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Deadly antipsychotic drugs make work easier for nursing home

Placing your loved one in a nursing home was not an easy decision. You may have tried as long as possible to be available to help your loved one at home, or perhaps you even moved him or her into your own home. However, if your loved one suffers from symptoms of Alzheimer's disease or another form of dementia, the situation likely became increasingly difficult to manage.

Whether it was an overload of little details or one terrifying moment that made you realize you were not qualified to provide the kind of care your loved one needed, you gave every effort to finding a facility that seemed staffed and capable to protect your family member. Since then, you may be noticing unsettling changes in your loved one, and it is not something you should dismiss too easily.

How bad is the problem?

A recent report by a national human rights organization found that nearly 200,000 residents in long-term care facilities in Texas and across the country receive antipsychotic drugs that the FDA does not recommend for their conditions. In fact, many of the drugs have "black box" warnings because they carry a high risk for death. Nevertheless, nursing home staffs regularly use them to medicate residents whose conditions may make them challenging to manage.

You understand that the degeneration of your loved one's mental state results in behavior that is difficult to manage. This is why you opted to place him or her with trained professionals who can deal with such issues. Like other families, you may be shocked to learn that, without your knowledge or permission, the staff has dosed your loved one with medications that are inappropriate and potentially lethal.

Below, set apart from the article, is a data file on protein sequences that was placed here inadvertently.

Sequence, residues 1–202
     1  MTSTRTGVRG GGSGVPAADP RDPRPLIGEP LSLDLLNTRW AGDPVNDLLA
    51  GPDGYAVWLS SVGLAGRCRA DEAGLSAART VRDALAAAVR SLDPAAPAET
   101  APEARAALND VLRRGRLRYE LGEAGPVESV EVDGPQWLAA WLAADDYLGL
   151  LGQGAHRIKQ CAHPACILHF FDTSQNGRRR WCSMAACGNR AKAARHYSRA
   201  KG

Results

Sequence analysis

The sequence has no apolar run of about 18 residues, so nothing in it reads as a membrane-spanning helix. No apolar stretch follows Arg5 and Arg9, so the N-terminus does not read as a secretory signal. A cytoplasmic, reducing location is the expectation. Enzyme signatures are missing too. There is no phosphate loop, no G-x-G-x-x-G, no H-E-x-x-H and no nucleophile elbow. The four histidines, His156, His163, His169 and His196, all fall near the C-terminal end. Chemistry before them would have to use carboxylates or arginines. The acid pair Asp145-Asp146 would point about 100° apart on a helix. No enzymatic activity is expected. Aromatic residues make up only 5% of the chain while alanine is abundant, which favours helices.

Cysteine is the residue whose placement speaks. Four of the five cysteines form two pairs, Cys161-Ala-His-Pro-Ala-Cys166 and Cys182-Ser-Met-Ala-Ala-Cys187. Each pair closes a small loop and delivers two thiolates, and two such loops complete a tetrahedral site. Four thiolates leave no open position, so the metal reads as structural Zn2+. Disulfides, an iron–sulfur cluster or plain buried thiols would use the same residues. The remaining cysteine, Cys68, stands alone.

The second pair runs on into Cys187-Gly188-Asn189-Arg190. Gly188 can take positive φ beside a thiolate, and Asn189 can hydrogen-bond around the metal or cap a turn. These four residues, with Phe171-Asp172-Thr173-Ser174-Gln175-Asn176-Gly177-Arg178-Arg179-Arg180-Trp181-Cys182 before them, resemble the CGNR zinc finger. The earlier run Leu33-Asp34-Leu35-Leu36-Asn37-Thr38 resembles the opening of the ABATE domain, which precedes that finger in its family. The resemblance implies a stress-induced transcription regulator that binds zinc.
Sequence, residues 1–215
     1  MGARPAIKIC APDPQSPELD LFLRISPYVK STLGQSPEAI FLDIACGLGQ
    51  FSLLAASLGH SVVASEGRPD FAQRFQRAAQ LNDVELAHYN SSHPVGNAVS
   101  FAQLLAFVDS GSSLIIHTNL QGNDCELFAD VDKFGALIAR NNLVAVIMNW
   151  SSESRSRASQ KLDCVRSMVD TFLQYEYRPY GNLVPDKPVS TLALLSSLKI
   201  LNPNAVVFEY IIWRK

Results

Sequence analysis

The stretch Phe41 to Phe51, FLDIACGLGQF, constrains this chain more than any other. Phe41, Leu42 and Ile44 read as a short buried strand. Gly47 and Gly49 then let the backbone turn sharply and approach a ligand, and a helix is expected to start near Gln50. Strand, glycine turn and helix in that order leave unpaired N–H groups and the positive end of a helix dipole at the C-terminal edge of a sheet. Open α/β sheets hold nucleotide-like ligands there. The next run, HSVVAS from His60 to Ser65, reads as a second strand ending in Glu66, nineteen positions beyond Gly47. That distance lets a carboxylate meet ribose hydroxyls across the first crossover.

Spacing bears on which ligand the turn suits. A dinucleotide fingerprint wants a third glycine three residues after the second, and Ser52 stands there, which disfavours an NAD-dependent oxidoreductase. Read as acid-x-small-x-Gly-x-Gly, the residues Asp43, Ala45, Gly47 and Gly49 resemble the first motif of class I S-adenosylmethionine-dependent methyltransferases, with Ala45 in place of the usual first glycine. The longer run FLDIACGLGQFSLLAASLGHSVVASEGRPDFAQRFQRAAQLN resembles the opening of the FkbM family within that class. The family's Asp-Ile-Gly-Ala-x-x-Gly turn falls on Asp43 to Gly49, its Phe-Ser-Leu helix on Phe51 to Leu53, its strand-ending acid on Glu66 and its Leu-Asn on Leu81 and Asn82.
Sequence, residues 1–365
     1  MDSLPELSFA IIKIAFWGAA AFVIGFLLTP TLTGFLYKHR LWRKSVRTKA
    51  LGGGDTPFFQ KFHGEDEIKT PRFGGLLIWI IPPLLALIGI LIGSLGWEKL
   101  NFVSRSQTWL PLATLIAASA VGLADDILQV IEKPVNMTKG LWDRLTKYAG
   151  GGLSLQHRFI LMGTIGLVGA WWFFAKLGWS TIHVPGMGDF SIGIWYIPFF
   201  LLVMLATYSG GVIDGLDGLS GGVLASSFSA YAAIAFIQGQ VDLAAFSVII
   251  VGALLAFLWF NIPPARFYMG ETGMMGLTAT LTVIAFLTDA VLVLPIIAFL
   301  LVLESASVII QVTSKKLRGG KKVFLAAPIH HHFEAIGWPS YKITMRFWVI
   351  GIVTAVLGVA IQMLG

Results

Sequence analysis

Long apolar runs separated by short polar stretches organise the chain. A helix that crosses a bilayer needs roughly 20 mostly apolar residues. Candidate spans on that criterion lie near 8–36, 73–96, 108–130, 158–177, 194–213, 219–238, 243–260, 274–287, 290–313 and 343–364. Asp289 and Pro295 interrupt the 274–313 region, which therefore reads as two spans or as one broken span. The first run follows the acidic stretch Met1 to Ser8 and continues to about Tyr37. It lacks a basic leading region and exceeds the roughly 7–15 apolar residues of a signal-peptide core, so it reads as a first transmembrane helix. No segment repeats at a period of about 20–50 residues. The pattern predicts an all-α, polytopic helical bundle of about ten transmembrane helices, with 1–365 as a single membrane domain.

Is there a good excuse?

Some of the reasons why a nursing home staff may use antipsychotics on a dementia patient include the following:

  • Antipsychotic drugs have a sedating side effect.
  • Nursing homes are often understaffed, and employees do not have time to deal with the time-consuming needs of a dementia patient.
  • Patients taking antipsychotic drugs are easier to handle and tend to wander less frequently.
  • Antipsychotic drugs can bring calm to a dementia patient who is feeling agitated or aggressive.

While some of these reasons may seem like rational excuses, elder care experts say there is never a reason to sedate an Alzheimer's or dementia patient with antipsychotic drugs that pose a serious health risk. There are numerous ways to manage dementia patients, including keeping them comfortable and engaged in stimulating activities. If your loved one has suffered ill effects from antipsychotic medication in a nursing facility, you have the right to seek advice about your legal options for pursuing justice.

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